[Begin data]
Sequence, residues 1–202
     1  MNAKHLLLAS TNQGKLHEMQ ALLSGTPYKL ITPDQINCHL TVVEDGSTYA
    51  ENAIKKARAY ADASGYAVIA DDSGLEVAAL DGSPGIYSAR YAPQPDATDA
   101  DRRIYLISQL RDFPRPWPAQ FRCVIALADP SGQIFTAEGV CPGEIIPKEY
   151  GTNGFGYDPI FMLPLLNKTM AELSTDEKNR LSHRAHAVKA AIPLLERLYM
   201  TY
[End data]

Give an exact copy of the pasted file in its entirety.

Sequence, residues 1–202
     1  MNAKHLLLAS TNQGKLHEMQ ALLSGTPYKL ITPDQINCHL TVVEDGSTYA
    51  ENAIKKARAY ADASGYAVIA DDSGLEVAAL DGSPGIYSAR YAPQPDATDA
   101  DRRIYLISQL RDFPRPWPAQ FRCVIALADP SGQIFTAEGV CPGEIIPKEY
   151  GTNGFGYDPI FMLPLLNKTM AELSTDEKNR LSHRAHAVKA AIPLLERLYM
   201  TY